EVGA Hydro Copper 16 is an overclocked and water-cooled GTX 280 card partly named by the large copper block that replaced reference cooling. Water cooling is the most efficient way to cool the GPU, and we all know that appropriate cooling will lengthen your card’s life. However, due to complexity of production water-cooling isn’t at all cheap,so water cooled cards were always something special. EVGA Hydro Copper 16 isn’t an exception to that rule, as it costs $629.99. Since a water block for GTX 280 will set you back €100, Hydro Copper 16’s price is not too high compared to EVGA GTX 280 FTW card with reference cooling – this card is overclocked to 670MHz and priced at $519.99. If this is all too much for you EVGA also offers reference GTX 280 at $449.99. On their Hydro Copper 16 card, EVGA guarantees stability up to 691MHz.
The core is overclocked by 89MHz (602MHz to 691MHz), memory by 108MHz (reference 1107MHz to 1215MHz) and the shaders are up from 1296MHz to 1458MHz.
Geforce GTX 280 has a 1GB frame buffer using 512bit memory interface, coupled with fast GDDR3 memory running at 2214MHz. By increasing the clocks EVGA increased the memory bandwidth from 140GB/s to about 155GB/s.
GT200 chip (the heart of GTX 280 and GTX 260 cards) is built in 65nm, packs 240 stream processors and is the largest chip Nvidia has ever made. 1400 million transistors managed to fit on almost 600mm2. Compared to the last generation GT200 brings more threads, stream processors, better shading and texturing and more memory and memory bandwidth.
240 stream processors are connected to 32 ROPs, which further connect to 512bit memory interface. Here we have 8 ROP partitions, each packing 4 ROP units (8x4 = 32 ROP), where each partition has a 64bit connection with the memory. 8 ROP partitions x 64bit interface totals to 512bit memory interface. Let us remind you that the last generation of cards had 128 stream processors so the current number of 240 stream processors on GTX 280 speaks for itself.
The card features PCIe 2.0 interface and PhysX acceleration. Compute Unified Device Architecture (CUDA) is also supported, and its purpose is to communicate with the GPU and receive processed data. Multipurpose GPU is a reality, and we’ve seen the first result using Badaboom app, which enables transcoding video using the GPU.
EVGA Hydro Copper 16 is a dual-lot design, and just like the reference cards, it features two power connectors at the end of the card. You’ll need one 6-pin and one 8-pin power connector to power this card, as two 6-pin connectors won’t do the trick. Maximum consumption is 236W in worst case scenario. If you’re not using 3D, HybridPower technology kicks in (with an appropriate chipset) and powers down the card, passing the non-demanding tasks to onboard integrated graphics.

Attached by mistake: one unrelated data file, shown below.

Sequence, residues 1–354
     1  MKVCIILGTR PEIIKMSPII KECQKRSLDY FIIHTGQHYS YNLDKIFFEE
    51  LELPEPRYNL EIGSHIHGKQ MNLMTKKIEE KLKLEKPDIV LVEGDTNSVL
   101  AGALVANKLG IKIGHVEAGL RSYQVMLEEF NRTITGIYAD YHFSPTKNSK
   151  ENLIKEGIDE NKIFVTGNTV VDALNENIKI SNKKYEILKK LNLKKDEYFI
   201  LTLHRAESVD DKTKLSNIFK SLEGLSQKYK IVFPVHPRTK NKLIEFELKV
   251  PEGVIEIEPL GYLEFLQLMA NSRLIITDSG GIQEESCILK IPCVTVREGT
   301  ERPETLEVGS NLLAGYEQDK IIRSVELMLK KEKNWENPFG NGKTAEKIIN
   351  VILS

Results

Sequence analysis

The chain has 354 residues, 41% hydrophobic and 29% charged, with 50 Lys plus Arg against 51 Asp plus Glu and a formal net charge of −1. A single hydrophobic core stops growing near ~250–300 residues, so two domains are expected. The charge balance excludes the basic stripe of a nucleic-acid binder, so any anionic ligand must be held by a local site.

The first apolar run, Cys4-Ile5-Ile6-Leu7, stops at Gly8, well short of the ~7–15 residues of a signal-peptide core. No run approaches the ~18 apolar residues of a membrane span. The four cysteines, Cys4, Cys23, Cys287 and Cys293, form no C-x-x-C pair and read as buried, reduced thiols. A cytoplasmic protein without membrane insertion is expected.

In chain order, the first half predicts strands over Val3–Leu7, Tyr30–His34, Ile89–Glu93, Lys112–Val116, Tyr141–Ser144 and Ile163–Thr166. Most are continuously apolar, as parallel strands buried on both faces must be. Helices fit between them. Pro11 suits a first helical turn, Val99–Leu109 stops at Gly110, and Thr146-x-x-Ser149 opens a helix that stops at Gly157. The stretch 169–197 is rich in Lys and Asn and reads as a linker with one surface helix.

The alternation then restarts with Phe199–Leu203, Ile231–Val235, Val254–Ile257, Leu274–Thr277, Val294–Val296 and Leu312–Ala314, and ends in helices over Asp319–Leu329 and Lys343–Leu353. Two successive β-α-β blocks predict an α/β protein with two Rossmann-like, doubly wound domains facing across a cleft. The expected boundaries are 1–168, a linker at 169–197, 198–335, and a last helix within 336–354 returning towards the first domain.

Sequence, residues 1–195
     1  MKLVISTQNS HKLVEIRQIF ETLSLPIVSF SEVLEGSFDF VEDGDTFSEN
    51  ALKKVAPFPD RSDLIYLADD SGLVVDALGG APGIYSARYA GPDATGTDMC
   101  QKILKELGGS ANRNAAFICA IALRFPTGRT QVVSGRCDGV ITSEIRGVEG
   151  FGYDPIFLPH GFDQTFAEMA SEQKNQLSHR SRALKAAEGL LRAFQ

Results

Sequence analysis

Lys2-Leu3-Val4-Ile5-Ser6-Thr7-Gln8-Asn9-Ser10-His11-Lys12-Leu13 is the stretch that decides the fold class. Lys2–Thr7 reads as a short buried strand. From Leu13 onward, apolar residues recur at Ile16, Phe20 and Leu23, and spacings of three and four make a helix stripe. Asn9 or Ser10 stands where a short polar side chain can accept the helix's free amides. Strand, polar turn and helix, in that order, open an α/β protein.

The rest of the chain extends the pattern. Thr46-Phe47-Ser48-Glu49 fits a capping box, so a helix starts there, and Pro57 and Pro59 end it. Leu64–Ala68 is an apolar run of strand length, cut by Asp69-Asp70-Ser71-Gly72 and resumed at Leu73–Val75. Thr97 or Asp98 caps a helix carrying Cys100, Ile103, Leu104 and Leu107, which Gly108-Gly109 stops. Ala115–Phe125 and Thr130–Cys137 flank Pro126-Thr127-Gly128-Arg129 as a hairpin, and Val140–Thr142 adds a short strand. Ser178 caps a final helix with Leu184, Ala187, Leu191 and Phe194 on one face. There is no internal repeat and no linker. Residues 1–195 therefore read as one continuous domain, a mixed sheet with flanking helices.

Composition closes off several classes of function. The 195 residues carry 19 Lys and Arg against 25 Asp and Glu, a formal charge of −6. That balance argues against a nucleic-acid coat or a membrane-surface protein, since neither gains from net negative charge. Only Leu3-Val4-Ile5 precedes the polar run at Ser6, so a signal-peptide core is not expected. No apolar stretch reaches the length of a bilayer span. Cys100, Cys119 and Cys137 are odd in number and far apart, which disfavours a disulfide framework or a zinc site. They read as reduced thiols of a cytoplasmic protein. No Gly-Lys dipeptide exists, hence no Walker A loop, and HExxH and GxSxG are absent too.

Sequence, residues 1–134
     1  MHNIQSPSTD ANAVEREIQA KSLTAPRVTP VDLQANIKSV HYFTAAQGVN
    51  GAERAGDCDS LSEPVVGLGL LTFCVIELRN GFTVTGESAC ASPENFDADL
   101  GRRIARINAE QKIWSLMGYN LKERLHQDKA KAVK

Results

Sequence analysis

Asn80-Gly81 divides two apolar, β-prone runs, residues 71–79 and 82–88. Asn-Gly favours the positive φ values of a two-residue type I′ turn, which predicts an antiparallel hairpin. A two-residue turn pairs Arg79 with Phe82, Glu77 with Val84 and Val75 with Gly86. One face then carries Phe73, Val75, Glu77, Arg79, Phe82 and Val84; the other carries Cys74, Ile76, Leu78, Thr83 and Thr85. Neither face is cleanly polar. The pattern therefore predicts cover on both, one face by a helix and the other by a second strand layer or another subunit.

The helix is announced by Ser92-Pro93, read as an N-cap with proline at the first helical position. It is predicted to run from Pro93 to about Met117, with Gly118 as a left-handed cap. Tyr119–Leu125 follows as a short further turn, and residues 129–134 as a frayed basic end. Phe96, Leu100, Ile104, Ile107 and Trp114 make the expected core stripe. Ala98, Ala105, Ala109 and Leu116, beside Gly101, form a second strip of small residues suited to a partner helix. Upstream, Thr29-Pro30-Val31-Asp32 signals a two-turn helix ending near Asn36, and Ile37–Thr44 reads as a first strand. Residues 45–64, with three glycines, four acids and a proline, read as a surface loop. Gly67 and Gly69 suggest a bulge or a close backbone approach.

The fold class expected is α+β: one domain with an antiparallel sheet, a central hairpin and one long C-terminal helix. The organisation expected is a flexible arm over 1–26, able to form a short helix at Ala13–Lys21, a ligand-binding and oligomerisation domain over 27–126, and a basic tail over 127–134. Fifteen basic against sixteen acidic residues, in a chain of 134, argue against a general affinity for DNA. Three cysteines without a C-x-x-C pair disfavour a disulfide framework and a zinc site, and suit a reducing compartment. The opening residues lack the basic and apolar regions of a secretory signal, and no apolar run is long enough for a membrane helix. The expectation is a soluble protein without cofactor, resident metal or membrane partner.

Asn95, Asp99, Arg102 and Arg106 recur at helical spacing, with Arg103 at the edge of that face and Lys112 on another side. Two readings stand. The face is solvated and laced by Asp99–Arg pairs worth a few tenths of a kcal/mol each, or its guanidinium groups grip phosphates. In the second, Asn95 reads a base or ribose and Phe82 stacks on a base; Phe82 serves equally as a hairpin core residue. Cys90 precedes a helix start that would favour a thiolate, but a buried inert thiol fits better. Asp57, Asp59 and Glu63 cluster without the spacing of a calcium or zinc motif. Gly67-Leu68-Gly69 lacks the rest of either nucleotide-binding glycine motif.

The following picture shows the large copper block covering the most of the card’s front side. It’s in direct contact with the block on the back. The block on the back is basically a heatsink with a heapipe, whose secondary function is to hold the front block firmly in place. The cooler is designed in a way to have just one mounting option.
The water block is elongated in order to touch the heatsink on top of the PCB. These two components aren’t physically connected but rather linked with thermal paste. The heatpipe is a bit hidden from view, both from the front and the back.
The block features water valves located on top, in order to enable hassle-free chaining of one or two more Hydro Copper 16 cards in SLI mode.
A side-view reveals a piece of U-shaped heatpipe. In order to fully see it we had to take off the back plate, and you can see that on the following picture.
The memory is cooled via thermal pads, whereas the heatpipe, passing next to the memory, is a bit wider at the top. This is done to provide larger contact surface with the water block. The block is made of copper and is quite heavy.
GTX 280 has 1204MB of memory in 16 memory chip, each side of the card featuring 8 chips.
If you’re planning to use just one Hydro Copper 16 card in single mode, you must use the supplied caps to close one side of the water block. Apart from the caps, also supplied are 1/2'’ and 3/8’’ fittings for different types of water cooling.
Mounting is easy and although you might not need additional tools, you still want to make sure everything is screwed tight in order not to have water leaking all over your beloved equipment.
One is “in” and the other “out” although the flow direction is less important. Still, you might want to direct the flow from the card to the water-cooling radiator so that cold water is pumped out on the card.
Once you set up all the components you should fill up the reservoir before strapping the cooling onto the card. That procedure is best done out of the case – you turn on the pump and when the water starts moving you’ll be able to see whether the reservoir needs more or not. The manual explains this portion quite nicely. Of course, different systems require different steps to make it work, but it’s more or less the same as our process.
If you have two or three cards, chaining them together is a breeze. The block is designed to provide hassle-free upgrades so SLI or Tri-SLI installation is as easy as installing just one card.
A two-card setup will require using a short pipe to connect them.
Three installed cards will make it even easier because metal rings will be long enough. Water enters the first card and cools all three in rotation. We haven’t tried this so we’re just hoping that three GTX 280 cores aren’t too hot for average water-cooling systems.
In the box you’ll find everything you need for installing this card.
The box is standard with not so much info, but this time it’s reinforced from within to bear the weight of Hydro Copper 16.